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Yasukuni Shrine

The Yasukuni Shrine is a Shinto shrine in Tokyo, Japan built in 1869 to commemorate those who died fighting for Japan. It now is the resting place of thousands of Japanese soldiers killed between 1853 and 1945, and its Book of Souls lists the names of approximately 2.5 million soldiers.

The shrine has become increasingly embroiled in controversy as a symbol of the Japanese colonialism and nationalism of the early 20th century, a controversy stirred up partly by the shrine's continuing defense of Japanese colonial acts as necessary and justified: a pamphlet published by the shrine says "War is a really tragic thing to happen, but it was necessary in order for us to protect the independence of Japan and to prosper together with Asian neighbors."

This controversy exploded openly in 1978, when the remains of 1,068 convicted war criminals were secretly moved there. Among these were 13 notorious Class A war criminals, including Hideki Tojo. The shrine has further angered many with its defiant defense of the war criminals; the same pamphlet mentioned above also claims: "Some 1,068 people, who were wrongly accused as war criminals by the Allied court, were enshrined here."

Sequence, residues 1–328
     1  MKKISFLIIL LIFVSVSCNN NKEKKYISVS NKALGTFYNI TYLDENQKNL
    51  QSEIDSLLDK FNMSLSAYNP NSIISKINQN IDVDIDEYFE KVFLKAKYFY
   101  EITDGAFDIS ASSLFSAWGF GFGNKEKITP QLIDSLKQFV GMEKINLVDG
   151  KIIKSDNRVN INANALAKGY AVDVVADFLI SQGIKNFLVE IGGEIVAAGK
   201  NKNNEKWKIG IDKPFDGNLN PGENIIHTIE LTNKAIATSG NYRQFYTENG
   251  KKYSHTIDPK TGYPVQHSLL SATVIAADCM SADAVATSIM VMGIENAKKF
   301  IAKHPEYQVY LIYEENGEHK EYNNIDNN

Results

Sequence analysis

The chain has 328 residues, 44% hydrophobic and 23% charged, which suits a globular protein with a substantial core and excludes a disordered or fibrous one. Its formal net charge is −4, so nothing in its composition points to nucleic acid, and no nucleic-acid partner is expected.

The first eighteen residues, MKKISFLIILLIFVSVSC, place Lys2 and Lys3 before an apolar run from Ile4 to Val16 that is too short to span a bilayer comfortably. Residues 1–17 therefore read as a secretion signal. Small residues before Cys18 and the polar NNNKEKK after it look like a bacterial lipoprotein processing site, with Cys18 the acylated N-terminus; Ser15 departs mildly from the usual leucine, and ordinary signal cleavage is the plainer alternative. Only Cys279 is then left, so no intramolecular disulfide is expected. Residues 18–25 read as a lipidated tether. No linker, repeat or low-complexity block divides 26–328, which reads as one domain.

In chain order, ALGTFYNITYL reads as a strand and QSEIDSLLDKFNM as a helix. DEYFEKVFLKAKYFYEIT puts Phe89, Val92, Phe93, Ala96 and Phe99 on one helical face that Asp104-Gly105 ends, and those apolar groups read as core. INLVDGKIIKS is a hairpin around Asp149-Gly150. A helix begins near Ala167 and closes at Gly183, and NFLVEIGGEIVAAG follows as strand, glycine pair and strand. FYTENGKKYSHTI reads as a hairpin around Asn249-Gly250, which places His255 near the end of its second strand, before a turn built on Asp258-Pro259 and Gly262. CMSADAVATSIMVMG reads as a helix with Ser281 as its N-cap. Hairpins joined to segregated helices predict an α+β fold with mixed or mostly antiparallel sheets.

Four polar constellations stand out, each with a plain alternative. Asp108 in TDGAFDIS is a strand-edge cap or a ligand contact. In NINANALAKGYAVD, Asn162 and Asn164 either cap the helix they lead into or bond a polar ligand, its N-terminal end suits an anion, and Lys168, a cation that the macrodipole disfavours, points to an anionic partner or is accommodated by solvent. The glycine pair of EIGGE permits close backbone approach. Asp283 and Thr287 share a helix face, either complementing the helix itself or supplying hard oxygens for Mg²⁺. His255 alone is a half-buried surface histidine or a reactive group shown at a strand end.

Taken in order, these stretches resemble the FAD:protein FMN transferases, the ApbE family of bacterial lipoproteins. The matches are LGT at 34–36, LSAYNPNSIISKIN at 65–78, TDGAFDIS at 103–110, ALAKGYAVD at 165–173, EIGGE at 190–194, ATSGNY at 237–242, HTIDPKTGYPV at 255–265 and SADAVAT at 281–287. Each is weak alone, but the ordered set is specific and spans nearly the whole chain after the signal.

The controversial nature of the shrine has figured largely in both domestic Japanese politics and the country's relations with other countres in the region in the years since 1978. Three Japanese prime ministers have caused an uproar by visiting the shrine since then: Yasuhiro Nakasone in 1985, Ryutaro Hashimoto[?] in 1996, and especially Junichiro Koizumi, who visited three times, in 2001, 2002 and 2003. Visits by prime ministers to the shrine generally provoke official condemnation by nations in the region, especially China and South Korea, as they are seen as condoning Japan's military aggression against those nations during World War II. Visits to the shrine also are controversial in the domestic debate over the proper role of religion in government, as some wish to restore government ownership of the religious shrine.



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